We are in a historic moment, where thousands of people are clear on the rallying cry. When there is no justice, there is no peace. State violence and systemic underfunding for black people are the heart of this crisis. People have lost faith in the institution of government because our government has given us little to believe in, except symbolism sold as progress.

We’ve seen symbols topple this week in our city, and steps to hold individual police officers accountable.

But the uprisings have made it very clear: People hold power. And the people have clear demands: Defund the police and invest in black communities.

We saw that power in action when Minneapolis city councilmembers announced their intention to disband the police department and reallocate funding into a new system of community care and protection.

Our city faces its own challenges — from the 10-year tax abatement that has accelerated gentrification of black neighborhoods, to privatization schemes for a majority-black school district, to the lack of accountability for the murder of Brandon Tate-Brown, which have all led us to this moment. People are not expendable. When communities are in crisis, you invest in them.

It is time for real action. How the city spends its money is a moral choice, and tens of thousands of Philadelphians have called, emailed, and tweeted as a reminder to all elected officials of what our priorities should be.

I will not vote for any budget that increases funding to the police but does nothing to support communities. If we want a recovery that leaves no one behind, we need a real conversation about redistributing resources from the police budget into community-led programs that can keep us safe and cut down on gun violence. We must reject a budget that decreases critical funds for housing, libraries, recreation centers, art programs, and immigration services while increasing money for the police by tens of millions.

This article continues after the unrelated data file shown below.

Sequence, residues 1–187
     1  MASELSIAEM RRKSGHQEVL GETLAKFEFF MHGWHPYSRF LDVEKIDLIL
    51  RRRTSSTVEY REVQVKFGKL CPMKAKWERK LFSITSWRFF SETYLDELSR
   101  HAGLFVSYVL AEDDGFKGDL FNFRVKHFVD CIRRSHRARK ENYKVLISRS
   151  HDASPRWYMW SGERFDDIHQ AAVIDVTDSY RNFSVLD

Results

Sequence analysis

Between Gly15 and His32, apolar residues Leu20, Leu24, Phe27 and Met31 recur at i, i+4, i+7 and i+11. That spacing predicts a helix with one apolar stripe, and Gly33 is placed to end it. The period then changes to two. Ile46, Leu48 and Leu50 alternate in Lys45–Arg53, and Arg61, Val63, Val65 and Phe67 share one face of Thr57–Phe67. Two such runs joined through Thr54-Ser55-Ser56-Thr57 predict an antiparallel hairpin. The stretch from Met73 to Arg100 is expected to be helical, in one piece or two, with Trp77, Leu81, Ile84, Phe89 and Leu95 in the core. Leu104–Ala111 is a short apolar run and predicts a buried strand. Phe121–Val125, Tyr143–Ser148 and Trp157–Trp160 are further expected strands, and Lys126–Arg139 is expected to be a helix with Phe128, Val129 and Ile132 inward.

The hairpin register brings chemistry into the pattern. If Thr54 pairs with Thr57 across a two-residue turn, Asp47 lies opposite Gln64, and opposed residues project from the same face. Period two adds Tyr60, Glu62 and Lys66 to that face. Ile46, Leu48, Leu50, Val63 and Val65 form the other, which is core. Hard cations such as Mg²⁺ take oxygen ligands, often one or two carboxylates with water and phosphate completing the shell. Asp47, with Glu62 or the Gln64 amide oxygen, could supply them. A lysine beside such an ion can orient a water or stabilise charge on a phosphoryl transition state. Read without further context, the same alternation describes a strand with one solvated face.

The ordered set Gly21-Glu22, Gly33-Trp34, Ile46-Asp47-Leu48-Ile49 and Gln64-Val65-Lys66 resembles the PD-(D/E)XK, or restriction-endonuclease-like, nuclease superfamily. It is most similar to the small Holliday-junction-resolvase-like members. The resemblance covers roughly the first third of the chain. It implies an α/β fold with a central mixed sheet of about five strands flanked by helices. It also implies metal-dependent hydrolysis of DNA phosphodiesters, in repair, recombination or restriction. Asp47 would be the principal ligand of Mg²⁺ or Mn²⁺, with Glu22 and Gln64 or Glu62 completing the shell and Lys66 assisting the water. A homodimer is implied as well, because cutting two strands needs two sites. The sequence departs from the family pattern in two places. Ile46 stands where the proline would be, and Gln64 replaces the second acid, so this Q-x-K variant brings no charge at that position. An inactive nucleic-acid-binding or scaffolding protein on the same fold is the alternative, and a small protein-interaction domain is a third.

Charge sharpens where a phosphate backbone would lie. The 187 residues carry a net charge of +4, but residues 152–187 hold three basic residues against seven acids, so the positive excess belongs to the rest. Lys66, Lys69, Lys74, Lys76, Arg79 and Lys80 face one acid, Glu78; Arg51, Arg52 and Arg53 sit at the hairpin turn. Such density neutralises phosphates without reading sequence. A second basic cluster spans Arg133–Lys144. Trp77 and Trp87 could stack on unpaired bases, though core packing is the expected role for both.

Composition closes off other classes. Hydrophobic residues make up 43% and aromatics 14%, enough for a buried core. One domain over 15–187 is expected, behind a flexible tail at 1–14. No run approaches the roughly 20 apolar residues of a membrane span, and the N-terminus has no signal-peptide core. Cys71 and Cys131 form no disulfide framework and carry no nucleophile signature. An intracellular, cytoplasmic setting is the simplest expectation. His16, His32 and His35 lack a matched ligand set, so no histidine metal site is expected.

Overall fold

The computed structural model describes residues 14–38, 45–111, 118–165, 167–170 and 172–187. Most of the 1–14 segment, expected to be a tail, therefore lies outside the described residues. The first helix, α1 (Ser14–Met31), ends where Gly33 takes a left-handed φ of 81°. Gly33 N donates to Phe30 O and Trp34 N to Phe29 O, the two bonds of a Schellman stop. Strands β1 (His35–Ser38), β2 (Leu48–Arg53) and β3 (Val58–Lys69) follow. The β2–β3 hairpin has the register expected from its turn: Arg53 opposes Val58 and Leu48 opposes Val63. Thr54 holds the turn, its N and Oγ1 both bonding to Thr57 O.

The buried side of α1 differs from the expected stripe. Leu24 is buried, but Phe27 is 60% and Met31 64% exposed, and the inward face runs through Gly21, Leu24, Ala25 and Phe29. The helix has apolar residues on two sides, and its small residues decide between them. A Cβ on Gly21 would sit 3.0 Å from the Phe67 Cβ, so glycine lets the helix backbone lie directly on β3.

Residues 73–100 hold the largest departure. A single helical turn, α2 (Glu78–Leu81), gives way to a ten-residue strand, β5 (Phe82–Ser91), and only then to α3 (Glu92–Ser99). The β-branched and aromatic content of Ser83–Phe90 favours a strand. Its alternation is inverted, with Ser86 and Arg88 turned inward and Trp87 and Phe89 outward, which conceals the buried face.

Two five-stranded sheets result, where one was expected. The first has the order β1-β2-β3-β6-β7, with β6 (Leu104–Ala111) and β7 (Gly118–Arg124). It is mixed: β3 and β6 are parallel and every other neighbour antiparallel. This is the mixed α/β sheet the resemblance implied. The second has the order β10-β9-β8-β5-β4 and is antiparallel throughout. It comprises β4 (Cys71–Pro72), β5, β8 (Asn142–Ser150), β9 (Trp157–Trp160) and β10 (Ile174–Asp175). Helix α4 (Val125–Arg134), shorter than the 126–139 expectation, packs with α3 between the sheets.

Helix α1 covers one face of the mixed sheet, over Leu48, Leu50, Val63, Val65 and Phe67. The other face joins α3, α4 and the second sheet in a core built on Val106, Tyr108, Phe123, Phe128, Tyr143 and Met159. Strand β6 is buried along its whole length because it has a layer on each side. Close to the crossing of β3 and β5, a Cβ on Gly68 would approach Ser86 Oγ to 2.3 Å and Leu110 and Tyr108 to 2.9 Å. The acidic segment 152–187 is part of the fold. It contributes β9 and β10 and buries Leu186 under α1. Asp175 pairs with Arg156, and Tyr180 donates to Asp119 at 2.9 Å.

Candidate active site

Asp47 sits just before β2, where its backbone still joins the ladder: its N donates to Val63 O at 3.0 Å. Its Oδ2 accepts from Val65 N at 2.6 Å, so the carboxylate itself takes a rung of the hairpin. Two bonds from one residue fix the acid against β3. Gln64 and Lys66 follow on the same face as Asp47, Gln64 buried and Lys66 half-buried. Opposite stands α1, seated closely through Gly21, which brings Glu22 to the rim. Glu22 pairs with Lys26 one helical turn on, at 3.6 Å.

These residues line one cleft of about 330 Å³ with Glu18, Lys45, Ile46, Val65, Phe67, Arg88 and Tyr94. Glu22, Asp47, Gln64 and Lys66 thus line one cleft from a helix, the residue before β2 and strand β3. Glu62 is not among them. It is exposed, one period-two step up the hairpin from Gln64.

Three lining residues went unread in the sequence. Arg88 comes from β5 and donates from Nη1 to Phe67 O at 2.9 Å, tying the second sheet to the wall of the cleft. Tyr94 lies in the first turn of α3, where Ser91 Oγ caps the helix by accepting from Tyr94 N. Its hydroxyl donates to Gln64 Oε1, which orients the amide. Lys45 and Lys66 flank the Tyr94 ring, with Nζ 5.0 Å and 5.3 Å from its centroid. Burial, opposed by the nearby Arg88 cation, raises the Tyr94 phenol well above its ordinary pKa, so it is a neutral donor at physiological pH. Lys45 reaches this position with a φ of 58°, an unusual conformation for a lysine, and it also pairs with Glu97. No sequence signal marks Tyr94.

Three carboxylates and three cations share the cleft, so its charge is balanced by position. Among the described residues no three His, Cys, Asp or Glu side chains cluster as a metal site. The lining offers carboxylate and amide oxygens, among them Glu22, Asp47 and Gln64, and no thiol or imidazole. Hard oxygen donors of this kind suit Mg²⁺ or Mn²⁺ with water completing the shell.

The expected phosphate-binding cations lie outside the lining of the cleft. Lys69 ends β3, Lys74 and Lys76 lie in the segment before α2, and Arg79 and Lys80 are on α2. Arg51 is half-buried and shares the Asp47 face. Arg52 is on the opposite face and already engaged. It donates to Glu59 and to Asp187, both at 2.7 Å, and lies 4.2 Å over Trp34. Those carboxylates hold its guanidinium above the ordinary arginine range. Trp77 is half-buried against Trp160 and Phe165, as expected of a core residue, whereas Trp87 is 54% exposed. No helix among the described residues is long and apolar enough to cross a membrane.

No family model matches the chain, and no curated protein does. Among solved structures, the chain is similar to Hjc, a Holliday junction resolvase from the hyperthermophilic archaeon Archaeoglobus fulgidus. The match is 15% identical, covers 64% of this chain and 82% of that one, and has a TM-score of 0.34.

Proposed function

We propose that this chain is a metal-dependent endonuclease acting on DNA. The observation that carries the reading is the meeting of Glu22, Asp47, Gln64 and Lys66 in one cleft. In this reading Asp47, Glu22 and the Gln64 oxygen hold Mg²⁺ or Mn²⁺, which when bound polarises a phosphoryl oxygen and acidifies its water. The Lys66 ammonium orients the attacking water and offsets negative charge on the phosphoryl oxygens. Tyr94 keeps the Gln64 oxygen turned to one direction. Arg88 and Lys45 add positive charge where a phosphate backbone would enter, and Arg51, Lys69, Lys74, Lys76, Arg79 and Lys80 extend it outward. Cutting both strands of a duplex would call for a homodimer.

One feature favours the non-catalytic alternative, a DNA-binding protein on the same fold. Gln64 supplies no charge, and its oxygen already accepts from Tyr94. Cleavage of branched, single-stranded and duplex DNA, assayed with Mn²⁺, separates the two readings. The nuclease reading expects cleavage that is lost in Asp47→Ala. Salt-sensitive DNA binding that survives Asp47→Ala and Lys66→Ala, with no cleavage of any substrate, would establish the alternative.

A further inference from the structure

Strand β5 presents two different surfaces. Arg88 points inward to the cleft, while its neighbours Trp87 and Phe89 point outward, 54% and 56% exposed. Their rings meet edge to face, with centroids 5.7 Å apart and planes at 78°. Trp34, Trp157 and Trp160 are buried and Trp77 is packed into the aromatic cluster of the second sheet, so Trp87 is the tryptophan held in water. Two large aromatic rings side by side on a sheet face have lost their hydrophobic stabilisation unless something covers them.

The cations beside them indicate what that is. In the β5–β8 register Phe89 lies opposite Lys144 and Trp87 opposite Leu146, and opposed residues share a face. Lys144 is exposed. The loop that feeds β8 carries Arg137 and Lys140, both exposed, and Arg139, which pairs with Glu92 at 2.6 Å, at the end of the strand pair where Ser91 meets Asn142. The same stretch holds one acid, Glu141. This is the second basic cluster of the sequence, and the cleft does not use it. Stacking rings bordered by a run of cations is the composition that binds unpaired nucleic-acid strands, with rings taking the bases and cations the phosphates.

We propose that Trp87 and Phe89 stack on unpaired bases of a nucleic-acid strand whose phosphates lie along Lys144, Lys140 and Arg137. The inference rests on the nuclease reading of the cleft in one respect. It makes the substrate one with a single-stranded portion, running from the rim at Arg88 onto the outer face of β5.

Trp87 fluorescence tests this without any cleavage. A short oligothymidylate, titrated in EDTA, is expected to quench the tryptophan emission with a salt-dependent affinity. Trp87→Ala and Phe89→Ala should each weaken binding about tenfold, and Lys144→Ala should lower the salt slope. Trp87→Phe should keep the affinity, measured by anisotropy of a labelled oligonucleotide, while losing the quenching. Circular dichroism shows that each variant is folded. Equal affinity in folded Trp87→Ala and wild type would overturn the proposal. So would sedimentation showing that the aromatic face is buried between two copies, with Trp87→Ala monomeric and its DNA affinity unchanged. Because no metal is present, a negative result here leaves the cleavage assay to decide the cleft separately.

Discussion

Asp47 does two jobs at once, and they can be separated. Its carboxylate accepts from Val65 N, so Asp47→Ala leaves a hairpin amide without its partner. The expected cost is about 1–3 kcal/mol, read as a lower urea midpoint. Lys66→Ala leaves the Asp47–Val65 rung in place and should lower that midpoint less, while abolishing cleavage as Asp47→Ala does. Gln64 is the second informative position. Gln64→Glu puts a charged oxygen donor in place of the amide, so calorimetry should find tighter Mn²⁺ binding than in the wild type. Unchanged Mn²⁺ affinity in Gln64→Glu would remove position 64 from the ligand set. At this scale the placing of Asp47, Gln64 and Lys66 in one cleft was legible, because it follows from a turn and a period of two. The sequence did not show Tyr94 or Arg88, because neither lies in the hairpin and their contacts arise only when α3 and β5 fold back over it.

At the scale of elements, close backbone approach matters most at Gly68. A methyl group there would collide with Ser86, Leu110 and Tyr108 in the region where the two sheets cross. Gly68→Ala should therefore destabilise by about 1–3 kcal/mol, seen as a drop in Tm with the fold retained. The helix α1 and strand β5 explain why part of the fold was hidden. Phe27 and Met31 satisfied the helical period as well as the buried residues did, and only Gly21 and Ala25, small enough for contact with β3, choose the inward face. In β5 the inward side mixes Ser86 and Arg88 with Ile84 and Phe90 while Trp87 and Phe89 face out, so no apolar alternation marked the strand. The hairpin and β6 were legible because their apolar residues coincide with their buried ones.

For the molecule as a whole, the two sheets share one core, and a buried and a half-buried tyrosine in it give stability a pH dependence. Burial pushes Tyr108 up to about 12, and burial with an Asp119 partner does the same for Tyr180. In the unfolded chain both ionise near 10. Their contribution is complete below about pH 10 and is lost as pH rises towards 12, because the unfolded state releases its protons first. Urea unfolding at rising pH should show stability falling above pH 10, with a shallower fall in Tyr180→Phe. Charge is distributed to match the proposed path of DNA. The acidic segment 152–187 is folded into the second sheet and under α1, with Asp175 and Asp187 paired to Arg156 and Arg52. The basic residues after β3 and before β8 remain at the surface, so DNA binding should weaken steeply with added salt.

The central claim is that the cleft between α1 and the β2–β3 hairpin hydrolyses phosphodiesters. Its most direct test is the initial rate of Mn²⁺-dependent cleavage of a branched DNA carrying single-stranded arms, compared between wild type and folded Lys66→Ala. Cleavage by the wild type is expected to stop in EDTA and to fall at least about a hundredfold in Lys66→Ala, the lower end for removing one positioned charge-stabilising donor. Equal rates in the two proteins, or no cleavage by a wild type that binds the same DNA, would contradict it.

We need a police advisory board that has real power and funding. This includes more accountability in any city-bargained collective agreement moving forward. We need communities who have been most affected by police brutality actively leading and centered in these fights, and we need police-free schools.

We need to ensure that amidst the pandemic, working-class people — black people — have stable housing. This starts with passing the Emergency Housing Protection Act this month so we can ensure no evictions, no late fees, diversion, and rent repayment programs for those behind on rent.

We need to protect our low-wage workers by expanding paid sick leave, and culturally redefine how we view essential work. We need to ensure that the rich pay their fair share of taxes. We must call out the systemic barriers intentionally placed on Philadelphia — like preemption laws and the uniformity clause in our tax code — that keep us poor.

Black people need a stimulus. Our government needs to provide the ability for black and working-class Philadelphians to thrive. A black stimulus means investing resources back into communities that have been systematically starved of wealth. It means funding the basic necessities that have been withheld from black communities for generations: affordable housing, quality public education, fair and dignified work, and a livable environment with clean water and air. And it means taking inventory of who in this city is paying their fair share, and then pursuing policy changes that address that disparity.

The people are showing up. The time for change is now. We need to keep organizing, marching, caring for each other in solidarity, and mutual aid. There can be no letting up when we are so close to real justice.

As a mom, grandma, black woman, and city councilmember at-large, I know my actions will be measured for years to come. This is our moment.

Kendra Brooks is a city councilmember at-large.